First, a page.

A look at this month’s rice numbers reveals USDA’s estimate of a huge record U.S. all rice production. U.S. long grain rice production in 2004 is estimated to be the second largest behind the 2001 crop, while U.S. 2004 medium and short grain rice production is the third largest following 1994 and 2000 production years.
Weather, varieties, management, land resource development, technology and a strong desire by producers to increase productivity and reduce per unit costs all contributed to an outstanding 2004 production season.
The challenge now is to market this crop. This year’s U.S. all rice record production is 26.3 million hundredweight more than last year’s production, which is almost as much rice as Louisiana rice farmers produced in 2004 or about the amount of rice that Missouri and Texas rice farmers produced this year or about 27 percent of last year’s Arkansas production.
Turning the calendar forward to July 2005, then USDA expects U.S. all rice ending stocks to be the largest since 1986 with 1992 and 2001 a close second and third. U.S. long grain rice ending stocks will be the second largest since 1986, with 2001 being the largest and U.S. medium and short grain ending stocks will also be the largest since 1986.
Why the large U.S. 2004/05 ending rice stocks?
First, weak U.S. export rough rice sales and status quo U.S. total rice exports is the quick answer. 2004/05 U.S. rough rice exports are projected below the previous three years by 7 percent, 25 percent, and 0.6 percent, while total U.S. exports for the same period are projected by USDA to remain flat during 2004-05 and be 16.5 percent below 2002-03.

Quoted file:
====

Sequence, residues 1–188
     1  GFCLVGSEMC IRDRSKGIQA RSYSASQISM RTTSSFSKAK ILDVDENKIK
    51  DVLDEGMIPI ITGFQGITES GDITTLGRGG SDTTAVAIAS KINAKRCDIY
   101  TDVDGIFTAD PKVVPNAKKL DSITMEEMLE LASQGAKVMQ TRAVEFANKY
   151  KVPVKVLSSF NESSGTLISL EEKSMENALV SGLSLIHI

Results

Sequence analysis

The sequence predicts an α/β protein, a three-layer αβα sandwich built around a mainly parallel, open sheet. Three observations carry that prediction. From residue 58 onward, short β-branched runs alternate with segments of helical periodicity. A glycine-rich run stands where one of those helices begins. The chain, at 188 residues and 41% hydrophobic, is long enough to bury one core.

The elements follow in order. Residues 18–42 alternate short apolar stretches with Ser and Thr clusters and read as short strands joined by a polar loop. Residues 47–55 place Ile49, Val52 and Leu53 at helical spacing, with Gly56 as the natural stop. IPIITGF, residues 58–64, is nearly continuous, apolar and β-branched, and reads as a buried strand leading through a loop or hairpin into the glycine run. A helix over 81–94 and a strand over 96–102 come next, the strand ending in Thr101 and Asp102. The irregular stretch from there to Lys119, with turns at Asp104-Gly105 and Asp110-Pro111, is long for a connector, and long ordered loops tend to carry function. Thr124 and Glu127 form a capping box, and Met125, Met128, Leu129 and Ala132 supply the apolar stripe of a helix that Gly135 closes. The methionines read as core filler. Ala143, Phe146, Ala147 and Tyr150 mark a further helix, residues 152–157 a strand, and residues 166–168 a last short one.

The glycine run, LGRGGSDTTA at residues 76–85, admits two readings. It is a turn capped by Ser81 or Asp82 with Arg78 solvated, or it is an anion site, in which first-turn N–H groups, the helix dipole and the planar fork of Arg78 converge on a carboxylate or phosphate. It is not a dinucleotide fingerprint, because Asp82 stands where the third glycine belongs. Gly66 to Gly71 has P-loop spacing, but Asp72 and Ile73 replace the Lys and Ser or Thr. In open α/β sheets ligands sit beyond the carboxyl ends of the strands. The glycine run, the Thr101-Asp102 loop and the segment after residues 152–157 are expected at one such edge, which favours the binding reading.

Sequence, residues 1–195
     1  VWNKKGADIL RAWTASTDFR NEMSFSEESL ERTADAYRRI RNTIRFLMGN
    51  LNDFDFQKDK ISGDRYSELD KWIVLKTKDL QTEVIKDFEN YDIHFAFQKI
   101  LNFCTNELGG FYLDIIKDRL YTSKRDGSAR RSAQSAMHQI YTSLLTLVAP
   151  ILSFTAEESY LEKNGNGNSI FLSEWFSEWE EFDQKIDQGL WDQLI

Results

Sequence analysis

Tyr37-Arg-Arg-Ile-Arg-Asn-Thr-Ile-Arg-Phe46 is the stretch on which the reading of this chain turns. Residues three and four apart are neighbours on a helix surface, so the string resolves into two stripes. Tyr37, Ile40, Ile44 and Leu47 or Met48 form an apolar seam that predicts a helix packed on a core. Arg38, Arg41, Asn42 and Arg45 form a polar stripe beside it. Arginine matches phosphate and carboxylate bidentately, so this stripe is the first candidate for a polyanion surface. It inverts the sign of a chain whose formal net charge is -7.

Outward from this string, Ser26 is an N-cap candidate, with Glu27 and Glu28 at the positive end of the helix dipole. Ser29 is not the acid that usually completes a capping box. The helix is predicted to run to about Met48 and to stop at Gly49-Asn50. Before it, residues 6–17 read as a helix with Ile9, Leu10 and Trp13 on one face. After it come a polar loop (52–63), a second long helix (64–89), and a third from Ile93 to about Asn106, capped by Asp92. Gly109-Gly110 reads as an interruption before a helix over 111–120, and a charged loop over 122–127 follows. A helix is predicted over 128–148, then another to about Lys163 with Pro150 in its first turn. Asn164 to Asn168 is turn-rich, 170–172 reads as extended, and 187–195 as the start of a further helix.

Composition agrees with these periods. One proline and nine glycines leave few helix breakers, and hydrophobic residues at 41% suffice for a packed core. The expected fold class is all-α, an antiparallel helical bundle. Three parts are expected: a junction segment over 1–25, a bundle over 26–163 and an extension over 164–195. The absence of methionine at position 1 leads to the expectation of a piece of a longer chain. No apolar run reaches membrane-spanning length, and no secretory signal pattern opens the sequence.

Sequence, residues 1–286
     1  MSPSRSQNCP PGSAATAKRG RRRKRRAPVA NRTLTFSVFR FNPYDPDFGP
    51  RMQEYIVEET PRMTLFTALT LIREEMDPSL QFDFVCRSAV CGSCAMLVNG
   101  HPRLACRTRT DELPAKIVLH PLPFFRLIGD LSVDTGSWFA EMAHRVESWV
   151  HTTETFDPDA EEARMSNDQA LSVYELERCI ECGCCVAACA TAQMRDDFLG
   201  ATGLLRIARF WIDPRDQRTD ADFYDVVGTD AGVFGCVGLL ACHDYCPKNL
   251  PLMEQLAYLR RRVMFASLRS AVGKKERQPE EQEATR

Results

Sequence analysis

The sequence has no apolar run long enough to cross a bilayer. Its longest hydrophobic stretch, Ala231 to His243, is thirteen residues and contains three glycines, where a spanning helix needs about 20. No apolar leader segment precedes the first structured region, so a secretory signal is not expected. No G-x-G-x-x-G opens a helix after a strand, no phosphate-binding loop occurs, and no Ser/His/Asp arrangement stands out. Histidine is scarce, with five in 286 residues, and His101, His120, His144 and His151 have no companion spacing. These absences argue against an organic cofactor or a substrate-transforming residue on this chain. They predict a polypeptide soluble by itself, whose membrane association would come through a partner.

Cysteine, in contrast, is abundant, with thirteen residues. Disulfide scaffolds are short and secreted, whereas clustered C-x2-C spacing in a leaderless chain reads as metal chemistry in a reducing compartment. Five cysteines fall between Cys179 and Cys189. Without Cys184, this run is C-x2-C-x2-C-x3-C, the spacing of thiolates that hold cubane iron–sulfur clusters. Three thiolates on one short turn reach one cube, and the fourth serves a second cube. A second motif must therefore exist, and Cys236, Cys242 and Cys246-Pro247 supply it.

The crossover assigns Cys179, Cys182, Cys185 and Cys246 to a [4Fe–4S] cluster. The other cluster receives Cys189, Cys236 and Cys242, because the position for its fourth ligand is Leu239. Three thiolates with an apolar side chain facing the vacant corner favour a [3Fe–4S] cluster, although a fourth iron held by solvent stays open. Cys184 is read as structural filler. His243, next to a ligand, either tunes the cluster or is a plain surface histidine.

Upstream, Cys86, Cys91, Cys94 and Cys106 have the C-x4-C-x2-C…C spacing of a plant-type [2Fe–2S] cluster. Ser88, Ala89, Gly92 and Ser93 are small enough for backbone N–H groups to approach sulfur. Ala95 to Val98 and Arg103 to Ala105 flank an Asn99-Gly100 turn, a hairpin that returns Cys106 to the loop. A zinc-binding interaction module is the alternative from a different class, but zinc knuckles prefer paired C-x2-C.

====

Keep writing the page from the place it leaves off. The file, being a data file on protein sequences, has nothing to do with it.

Large U.S. rice stocks then become a primary function of reduced Western Hemispheric demand for rough rice due to favorable weather, record U.S. production, increasing Latin American and global production. This has resulted in anemic global rice trade that is only slightly above last year and about 10 percent below the previous two years.
The lack of global rice trade expansion becomes a function of stable global weather with limited disruptive weather events, global economic stability, protectionism with China, India and other major global rice producers with a food security focus and/or a policy objective to reduce dependence on future imports.
The other most oft-asked question: At what point will global rice export prices be significantly lifted due to declining global rice stocks?
For the fourth consecutive year, global rice consumption will exceed production with devastating consequences on global rice stocks. One has to go back to 1983-84 to find global rice stocks as low as today’s. Global stocks as a percent of consumption are the lowest they have been since 1976-77. With ending global stocks at 16.6 percent of production the world can hardly afford a traumatic weather event.
Assuming no economic, weather, or major war trauma event that would be significantly disruptive to global rice production, I expect the global economic recovery to become a self sustaining economic expansion, and the trend toward slow improving Asian rice export prices with the U.S. price moving much closer to the Asian price.
The slide show that accompanies this article is available on the Internet at http://www.aragriculture.org/agfoodpolicy/ricesitol/slides/Delta_Farm_Press.pdf
Bobby Coats is Extension agricultural policy analyst with the University of Arkansas Cooperative Extension Service.